Recent progress on the European Union’s Corporate Sustainability Due Diligence Directive means ‘CSDDD’ – or ‘CS-triple-D’ – is the acronym on everyone’s lips in the business and human rights world. This proposed mandatory environmental and human rights due diligence legislation has the potential to be a game-changer. However, recent moves from the EU Council to make inclusion of financial services optional for member states risk undermining its impact, given both the scale of the sector’s impacts and the state of banks’ current human rights commitments.
In the balance: Why European due diligence legislation must cover financial services
Blog by Giulia Barbos, Human Rights Campaigner and Policy Researcher at BankTrack. Originally published on the Business and Human Rights Resource Centre, as part of the Towards Mandatory Human Rights Due Diligence blog series.
The latest Global Human Rights Benchmark from BankTrack, published in November 2022, revealed the world’s largest commercial banks are still consistently failing to fully implement their human rights responsibilities as set out in the UN Guiding Principles on Business and Human Rights (UNGPs). The Benchmark, BankTrack’s fourth assessment of the sector’s human rights performance, underlines the need for legislation which sets a level playing field for banks; is in line with the UNGPs; and extends to the whole ‘value chain’ - including the impacts of bank finance.
Overall, the Benchmark found none of the 50 banks assessed are fully meeting their responsibilities. The scores of the highest performers – Citi in the US, Japan’s Mizuho, and Australia’s Westpac – indicate they implement less than 70% of the responsibilities in the UNGPs. And it’s of great concern to see major players from Europe and the US like JPMorgan, Commerzbank and Groupe BPCE / Natixis languishing at the bottom of the table, with less than a quarter of the available points.
However there are some encouraging findings. The average score has risen from 4 to 5 points out of 14 since the last assessment in 2019, and by now most banks covered have clear policies in place committing them to respect human rights. There are also improvements in human rights due diligence, which half of the banks say they are carrying out at least to some extent, although only a third – 18 out 50 banks – make it an ongoing process applied to all aspects of finance. This progress risks being jeopardised if, as has been proposed, the EU’s CSDDD limits the requirement to carry out due diligence to a one-off check at the start of a financial relationship.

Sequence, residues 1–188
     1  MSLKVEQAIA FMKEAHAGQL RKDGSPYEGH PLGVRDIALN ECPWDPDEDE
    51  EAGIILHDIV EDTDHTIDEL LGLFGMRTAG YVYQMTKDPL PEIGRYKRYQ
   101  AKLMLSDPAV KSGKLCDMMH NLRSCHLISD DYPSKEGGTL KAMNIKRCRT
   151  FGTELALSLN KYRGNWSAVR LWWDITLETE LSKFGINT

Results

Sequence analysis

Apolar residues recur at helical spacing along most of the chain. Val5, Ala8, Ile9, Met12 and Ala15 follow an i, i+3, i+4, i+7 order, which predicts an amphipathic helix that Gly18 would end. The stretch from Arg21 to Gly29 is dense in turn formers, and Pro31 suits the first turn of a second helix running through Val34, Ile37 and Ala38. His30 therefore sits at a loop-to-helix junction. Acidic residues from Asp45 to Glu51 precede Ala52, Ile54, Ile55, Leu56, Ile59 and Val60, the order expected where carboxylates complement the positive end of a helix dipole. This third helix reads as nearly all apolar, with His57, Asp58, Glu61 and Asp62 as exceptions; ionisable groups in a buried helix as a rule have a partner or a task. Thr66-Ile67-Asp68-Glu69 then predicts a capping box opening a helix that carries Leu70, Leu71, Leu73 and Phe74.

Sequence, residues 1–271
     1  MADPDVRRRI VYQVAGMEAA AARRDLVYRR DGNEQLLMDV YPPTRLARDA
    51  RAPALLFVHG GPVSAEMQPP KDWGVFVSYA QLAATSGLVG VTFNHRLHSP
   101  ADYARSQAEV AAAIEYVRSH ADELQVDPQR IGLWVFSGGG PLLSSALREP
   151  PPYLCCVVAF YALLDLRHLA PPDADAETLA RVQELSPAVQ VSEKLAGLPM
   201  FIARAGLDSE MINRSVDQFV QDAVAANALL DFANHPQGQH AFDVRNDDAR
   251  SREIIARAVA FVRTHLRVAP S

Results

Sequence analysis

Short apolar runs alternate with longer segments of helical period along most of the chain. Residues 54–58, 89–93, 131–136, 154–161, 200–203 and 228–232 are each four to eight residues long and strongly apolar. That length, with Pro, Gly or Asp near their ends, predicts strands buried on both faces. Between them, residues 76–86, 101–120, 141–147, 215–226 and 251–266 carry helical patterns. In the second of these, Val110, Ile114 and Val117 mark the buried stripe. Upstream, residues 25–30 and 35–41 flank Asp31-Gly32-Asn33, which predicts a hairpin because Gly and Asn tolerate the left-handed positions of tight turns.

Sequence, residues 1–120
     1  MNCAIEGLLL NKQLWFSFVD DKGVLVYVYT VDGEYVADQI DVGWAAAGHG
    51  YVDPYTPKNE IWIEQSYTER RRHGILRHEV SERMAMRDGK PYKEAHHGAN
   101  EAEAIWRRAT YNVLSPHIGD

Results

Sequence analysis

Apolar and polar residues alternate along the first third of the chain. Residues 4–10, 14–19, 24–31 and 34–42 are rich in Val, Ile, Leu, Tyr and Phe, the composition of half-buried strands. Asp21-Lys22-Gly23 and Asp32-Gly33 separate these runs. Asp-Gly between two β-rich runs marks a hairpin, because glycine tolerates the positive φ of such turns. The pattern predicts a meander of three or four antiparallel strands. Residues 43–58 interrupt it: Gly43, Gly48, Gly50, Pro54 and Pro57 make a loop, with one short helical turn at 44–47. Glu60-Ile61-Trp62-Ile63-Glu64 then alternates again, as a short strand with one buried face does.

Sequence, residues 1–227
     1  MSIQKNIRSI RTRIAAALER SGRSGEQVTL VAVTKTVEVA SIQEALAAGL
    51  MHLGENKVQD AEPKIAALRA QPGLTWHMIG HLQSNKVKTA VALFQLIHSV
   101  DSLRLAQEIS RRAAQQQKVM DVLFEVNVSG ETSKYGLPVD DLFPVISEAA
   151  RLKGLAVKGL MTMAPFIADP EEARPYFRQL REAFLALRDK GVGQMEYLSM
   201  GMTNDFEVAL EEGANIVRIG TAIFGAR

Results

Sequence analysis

Last month’s COP15 negotiations on biodiversity put banks such as Bank of Montreal (BMO) and Royal Bank of Canada in the spotlight for their links to violations of Indigenous peoples’ rights. Our Benchmark confirms that consulting potentially affected rights-holders is a major gap in current bank practice. Only 22 banks out of 50 include some form of stakeholder consultation in their due diligence process, and for the most part affected people are not included. Only three banks incorporate any considerations on human rights defenders in their policies and public disclosures.
Perhaps most concerningly, we found human rights reporting at a standstill when compared with 2019, with all but eight banks falling short of reporting on their main areas of human rights risk, and only three reporting they had taken steps to address identified human rights violations. This adds to a sense of concern, identified in other human rights benchmarks, over whether banks’ policies actually result in human rights violations being remedied when they occur.
Having or participating in an effective grievance mechanism – a clear requirement of the UNGPs – is an important step towards ensuring such remedy is delivered. Yet only two banks (both Australian) had such a mechanism in place. These were National Australia Bank (NAB) and also ANZ, which developed its own grievance mechanism in 2021 following the outcome of a complaint at the Australian OECD National Contact Point. However, there is precious little sign this is inspiring other banks to develop their own grievance mechanisms.
It is illuminating to investigate beyond banks’ policies and reporting – what they say they do – and see what banks actually do when severe violations occur. Our Benchmark analysed 152 instances in which banks were approached for a response on human rights impacts and risks linked to their finance. This included most recently through ties with the Myanmar junta, links to Rio Tinto’s Jadar lithium mine in Serbia, and through finance for companies operating in the Occupied Palestinian Territory. Of these 152 instances, banks responded in 91 cases, but in the majority of cases they did not respond to the substance of the issue. Banks only set out specific actions – such as engagement – in 27 cases, or around 18% of the total.
While some banks, including the 12 we identified as “front-runners”, have made substantial progress towards fully implementing their human rights responsibilities, 11 years on from the endorsement of the UNGPs the need for mandatory rules is clearer than ever. Effective legislation could drive up standards within the sector. In the current debate on whether to include financial services in the CSDDD at all, our Benchmark’s results – together with the variety and severity of impacts banks are linked to – support the view that enshrining the financial sector’s responsibilities into legislation is crucial to protect people and the planet from bad business.